All of Europe is choosing to follow suite after Amsterdam total electric taxi service which was instituted in 2011. With a total of over 550 electric vehicles hitting the streets of Europe, there shouldn’t be a long wait when leaving the Pub.
The savings on maintenance and fuel costs are a couple of driving factors; the noiseless ride might just be another factor that customers enjoy. CEO of Green Light Taxi Kft., Örs Lévay said, “…the Nissan Leaf is very smooth and almost silent, which means a more enjoyable journey for my customers and the drivers say typical 10 hour shifts are less tiresome.” This taxi company in Budapest, Hungary has also installed 7 vehicle chargers after signing on a new fleet of 65 LEAF taxis.
At this point, the vehicles are only needing one charge per shift. The truth is, because a taxi’s normal shift during the day are small trips to and fro, the electric car makes a perfect vehicle. They do have the highest mileage, but on suburban streets at lower speeds with many stops. With many taxis picking up and dropping off riders, electric vehicles are a tremendous asset, cutting down on vehicle emissions.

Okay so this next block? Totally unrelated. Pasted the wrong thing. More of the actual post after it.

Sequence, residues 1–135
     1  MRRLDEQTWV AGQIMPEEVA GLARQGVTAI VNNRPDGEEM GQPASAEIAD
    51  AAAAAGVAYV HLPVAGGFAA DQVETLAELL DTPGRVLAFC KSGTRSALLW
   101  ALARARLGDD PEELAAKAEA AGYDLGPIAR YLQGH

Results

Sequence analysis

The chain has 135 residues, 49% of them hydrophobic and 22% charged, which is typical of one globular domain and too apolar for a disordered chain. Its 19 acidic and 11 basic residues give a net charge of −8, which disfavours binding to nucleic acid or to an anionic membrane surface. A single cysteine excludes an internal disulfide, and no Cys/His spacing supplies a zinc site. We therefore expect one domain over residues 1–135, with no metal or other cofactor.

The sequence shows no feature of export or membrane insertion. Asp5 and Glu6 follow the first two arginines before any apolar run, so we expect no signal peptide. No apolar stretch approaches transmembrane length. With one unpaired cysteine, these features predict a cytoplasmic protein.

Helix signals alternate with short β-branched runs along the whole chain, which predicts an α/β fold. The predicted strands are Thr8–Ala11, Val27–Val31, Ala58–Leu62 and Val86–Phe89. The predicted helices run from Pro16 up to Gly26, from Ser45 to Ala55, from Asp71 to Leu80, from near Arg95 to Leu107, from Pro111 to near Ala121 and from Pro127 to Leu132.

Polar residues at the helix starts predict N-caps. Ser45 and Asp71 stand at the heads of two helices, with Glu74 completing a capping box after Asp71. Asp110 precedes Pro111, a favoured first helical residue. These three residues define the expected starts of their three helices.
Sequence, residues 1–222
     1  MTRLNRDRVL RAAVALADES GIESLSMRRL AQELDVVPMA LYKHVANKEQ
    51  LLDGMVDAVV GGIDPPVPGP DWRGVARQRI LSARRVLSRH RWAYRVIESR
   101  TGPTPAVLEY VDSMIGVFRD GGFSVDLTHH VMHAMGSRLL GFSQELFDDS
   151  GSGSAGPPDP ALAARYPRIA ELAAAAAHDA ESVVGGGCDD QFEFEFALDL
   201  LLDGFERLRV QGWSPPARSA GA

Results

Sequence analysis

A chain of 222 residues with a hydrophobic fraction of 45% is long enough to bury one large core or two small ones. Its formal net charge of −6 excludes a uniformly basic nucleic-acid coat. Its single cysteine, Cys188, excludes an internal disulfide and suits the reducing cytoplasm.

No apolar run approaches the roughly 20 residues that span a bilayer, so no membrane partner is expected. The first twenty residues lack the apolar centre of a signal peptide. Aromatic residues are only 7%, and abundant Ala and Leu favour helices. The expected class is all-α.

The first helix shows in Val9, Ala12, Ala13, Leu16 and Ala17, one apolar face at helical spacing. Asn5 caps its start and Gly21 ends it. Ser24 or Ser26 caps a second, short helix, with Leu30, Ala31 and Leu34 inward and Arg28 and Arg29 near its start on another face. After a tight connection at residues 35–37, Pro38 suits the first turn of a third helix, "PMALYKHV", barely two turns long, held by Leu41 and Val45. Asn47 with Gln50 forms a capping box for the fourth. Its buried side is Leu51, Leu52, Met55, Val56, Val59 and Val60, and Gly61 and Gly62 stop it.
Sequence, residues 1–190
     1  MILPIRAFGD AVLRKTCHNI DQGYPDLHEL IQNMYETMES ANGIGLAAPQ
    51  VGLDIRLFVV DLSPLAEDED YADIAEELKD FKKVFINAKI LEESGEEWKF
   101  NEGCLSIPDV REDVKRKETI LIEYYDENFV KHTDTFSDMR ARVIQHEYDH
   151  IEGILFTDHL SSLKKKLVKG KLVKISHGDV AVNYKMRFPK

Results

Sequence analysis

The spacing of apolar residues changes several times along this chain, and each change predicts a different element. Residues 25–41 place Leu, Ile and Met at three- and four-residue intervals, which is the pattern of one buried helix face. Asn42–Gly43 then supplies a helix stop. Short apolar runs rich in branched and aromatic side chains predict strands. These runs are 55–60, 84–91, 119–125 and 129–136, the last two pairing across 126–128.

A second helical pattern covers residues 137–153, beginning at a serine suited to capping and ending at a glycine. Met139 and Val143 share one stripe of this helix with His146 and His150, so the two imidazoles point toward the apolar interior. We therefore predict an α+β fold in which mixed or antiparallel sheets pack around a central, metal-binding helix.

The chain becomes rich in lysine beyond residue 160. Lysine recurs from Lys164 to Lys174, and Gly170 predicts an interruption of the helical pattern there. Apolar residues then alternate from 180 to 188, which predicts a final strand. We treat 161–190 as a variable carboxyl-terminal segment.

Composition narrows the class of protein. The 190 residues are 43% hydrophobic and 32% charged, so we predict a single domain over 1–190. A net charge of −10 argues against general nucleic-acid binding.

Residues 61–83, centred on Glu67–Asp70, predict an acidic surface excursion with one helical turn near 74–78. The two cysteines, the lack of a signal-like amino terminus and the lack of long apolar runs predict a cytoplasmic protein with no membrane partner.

Deliveries of more than 100 electric vehicles have hit taxi companies across Europe. These vehicles include the Nissan e-NV200 with 194 to the Netherlands, 134 to the UK, 74 to Astonia, 68 to Hungary, and 30 to Germany.
Nissan points out, “In Astonia, it’s been reported that a Nissan Leaf owned by a taxi company, Elektritasko has clocked up over 218,000 kilometers on its original battery pack, showcasing the high quality and reliability of Nissan’s electric vehicle range.”
The US is hopefully not far behind these European countries that are truly leading on the electric vehicle front. Here is where Americans can stand up and say that they are concerned enough to follow suit and create fleets of EV’s in busy taxi-filled cities. We can help reduce emissions one taxi at a time.